While the markets reacted favorably to last Wednesday's news that longtime Sovereign
It seems that every executive who is forced out of a company by unpleasant business is said to be leaving for "personal reasons," "to spend more time with family," "for health reasons," or similar explanations. Sidhu and Sovereign chose the "health reasons" excuse, though just two days later, the bank admitted in an SEC filing filed after the market's close that "(t)he resignation and retirement came in the face of a threatened termination." I mean, why bother with the ruse to begin with?
Yet it's going to be costly for the bank to get rid of its ruler. That same filing shows Sidhu will walk away with some $44 million in princely pay and benefits, since the separation was determined to be "without cause." Thus he'll receive $10.5 million as part of his employment agreement; $22.4 million from his retirement plans; $9 million in accelerated equity awards; a one-time $1 million bonus for resigning; and a continuation of his life, disability, and medical insurance for five years.
Interestingly, the bank -- which was going to terminate Sidhu anyway -- is also going to pay him $40,000 a month for three years for "consulting services," and director's fees until the end of the year. That's a cool $1.4 million handout for something the board will undoubtedly not take him up on. He also keeps the nearly 3 million shares of stock he owns, worth about $70 million, along with an additional $6 million worth owned through family members and retirement accounts. Yet the deposed monarch did give up 26,686 shares of restricted stock worth about $650,000. Somehow I think he'll manage to scrape by.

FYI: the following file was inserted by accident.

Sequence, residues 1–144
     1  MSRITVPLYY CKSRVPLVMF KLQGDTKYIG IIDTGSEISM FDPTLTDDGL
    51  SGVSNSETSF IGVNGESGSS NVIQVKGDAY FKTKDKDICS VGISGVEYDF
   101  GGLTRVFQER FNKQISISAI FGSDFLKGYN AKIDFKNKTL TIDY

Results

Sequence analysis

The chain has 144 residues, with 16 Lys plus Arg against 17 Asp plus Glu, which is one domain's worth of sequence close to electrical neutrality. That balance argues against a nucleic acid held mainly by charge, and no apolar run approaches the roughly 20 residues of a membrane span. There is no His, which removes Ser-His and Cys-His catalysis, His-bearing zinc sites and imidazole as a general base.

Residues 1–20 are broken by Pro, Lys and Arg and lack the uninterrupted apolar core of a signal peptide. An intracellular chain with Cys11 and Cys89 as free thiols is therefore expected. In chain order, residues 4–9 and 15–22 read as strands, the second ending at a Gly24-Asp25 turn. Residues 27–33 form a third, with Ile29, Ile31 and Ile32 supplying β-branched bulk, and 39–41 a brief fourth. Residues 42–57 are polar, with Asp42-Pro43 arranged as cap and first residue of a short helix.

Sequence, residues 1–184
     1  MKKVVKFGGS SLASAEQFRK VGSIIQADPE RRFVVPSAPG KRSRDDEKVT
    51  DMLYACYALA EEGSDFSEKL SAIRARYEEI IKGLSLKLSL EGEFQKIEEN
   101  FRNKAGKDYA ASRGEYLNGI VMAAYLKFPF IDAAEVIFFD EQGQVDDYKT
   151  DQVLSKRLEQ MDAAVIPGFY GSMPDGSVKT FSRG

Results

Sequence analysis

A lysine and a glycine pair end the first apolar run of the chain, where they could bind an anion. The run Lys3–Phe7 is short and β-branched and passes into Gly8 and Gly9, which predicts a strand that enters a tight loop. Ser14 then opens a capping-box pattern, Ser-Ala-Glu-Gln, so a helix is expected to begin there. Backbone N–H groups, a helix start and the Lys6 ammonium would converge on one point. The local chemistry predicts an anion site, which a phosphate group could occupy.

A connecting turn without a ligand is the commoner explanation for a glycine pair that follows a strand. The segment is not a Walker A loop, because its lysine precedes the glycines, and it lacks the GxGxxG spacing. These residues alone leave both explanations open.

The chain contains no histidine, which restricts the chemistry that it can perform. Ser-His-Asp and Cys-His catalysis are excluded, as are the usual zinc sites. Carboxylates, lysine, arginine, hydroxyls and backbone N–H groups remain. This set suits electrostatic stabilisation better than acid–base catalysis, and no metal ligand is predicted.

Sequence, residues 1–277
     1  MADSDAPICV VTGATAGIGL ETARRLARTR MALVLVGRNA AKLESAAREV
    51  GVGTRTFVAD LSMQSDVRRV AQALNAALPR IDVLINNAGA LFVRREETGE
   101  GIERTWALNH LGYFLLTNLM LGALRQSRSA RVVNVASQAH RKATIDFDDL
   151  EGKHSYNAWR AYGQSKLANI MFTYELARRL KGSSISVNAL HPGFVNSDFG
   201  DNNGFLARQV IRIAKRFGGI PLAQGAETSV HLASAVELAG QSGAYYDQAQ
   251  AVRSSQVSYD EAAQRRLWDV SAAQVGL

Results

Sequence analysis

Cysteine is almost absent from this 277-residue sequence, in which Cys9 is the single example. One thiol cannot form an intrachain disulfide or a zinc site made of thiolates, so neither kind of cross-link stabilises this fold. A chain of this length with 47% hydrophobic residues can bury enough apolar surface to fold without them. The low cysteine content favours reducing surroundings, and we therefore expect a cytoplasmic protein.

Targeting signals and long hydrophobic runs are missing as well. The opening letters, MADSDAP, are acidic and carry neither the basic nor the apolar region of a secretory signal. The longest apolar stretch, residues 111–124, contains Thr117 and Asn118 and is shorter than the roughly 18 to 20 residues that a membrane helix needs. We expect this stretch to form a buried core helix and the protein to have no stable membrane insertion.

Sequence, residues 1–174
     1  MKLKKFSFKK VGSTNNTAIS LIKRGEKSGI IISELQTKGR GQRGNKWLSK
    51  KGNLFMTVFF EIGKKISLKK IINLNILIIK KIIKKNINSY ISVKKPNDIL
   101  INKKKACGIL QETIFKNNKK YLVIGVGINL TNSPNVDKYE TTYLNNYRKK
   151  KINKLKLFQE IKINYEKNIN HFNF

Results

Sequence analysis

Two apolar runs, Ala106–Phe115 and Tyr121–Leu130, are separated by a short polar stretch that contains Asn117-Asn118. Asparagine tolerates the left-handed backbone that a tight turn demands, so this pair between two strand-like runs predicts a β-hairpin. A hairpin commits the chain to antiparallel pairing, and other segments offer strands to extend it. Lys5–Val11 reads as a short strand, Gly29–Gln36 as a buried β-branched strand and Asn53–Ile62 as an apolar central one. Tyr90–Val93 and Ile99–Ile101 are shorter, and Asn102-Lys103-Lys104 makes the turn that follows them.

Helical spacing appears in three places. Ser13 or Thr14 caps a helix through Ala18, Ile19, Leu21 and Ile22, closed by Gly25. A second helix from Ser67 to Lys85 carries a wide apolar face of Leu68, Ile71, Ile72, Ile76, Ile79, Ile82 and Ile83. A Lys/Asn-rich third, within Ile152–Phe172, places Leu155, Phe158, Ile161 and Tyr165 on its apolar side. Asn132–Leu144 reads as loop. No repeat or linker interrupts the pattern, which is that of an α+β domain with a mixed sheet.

By all accounts, Jay Sidhu ruled as any emperor would: with impunity and disregard for the lowly shareholder. Despite having grown Sovereign from a small savings-and-loan to the third-largest thrift, with 800 branches in the Northeast, his rule became more dictatorial as it continued. Shareholders had wanted the company to buy back its shares, not do more acquisitions. Instead, Sidhu completed a deal with Spain's Banco Santander Central Hispano, giving it a 25% ownership position in Sovereign, and used the proceeds to buy a New York-based community bank. He structured the deals so that they did not require shareholder approval, which upset large stakeholders like Relational Investors, a San Diego-based asset management firm which has been agitating for change for awhile because of lackluster stock performance, and Franklin Mutual Advisors, a division of Franklin Resources
To complete the Santander deal, Sidhu had to use some ruses of his own. He sold to Santander a combination of new shares and treasury shares (stock already bought back by the company). Since the NYSE doesn't count treasury shares, the deal didn't violate the exchange's rule requiring shareholder approval of transactions resulting in the issuance of more than 20% of outstanding shares.
Does the overthrow heighten the chances of Sovereign being taken over? Could be. Rumors immediately surfaced that Santander would move to acquire the remaining 75% of the shares it doesn't own. As part of the deal, the Spanish bank can move to acquire Sovereign at $40 a stub after two years, but nothing would prohibit it from moving sooner. Santander quashed such rumors the other day, but perhaps someone else -- maybe Wachovia
The king is dead. Long live the king!
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